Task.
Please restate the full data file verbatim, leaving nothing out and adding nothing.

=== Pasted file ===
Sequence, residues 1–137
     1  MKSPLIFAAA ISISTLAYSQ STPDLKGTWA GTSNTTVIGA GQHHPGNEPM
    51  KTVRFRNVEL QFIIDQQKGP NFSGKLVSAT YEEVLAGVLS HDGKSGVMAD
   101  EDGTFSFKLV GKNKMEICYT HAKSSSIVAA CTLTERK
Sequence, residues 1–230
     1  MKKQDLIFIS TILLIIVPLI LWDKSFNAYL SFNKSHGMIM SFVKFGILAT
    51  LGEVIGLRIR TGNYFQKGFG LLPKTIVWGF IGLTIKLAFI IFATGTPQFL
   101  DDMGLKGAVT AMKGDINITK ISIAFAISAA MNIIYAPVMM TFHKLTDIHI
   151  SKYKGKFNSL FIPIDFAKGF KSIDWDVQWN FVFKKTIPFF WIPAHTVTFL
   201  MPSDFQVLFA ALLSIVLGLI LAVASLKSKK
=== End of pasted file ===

Sequence, residues 1–137
     1  MKSPLIFAAA ISISTLAYSQ STPDLKGTWA GTSNTTVIGA GQHHPGNEPM
    51  KTVRFRNVEL QFIIDQQKGP NFSGKLVSAT YEEVLAGVLS HDGKSGVMAD
   101  EDGTFSFKLV GKNKMEICYT HAKSSSIVAA CTLTERK
Sequence, residues 1–230
     1  MKKQDLIFIS TILLIIVPLI LWDKSFNAYL SFNKSHGMIM SFVKFGILAT
    51  LGEVIGLRIR TGNYFQKGFG LLPKTIVWGF IGLTIKLAFI IFATGTPQFL
   101  DDMGLKGAVT AMKGDINITK ISIAFAISAA MNIIYAPVMM TFHKLTDIHI
   151  SKYKGKFNSL FIPIDFAKGF KSIDWDVQWN FVFKKTIPFF WIPAHTVTFL
   201  MPSDFQVLFA ALLSIVLGLI LAVASLKSKK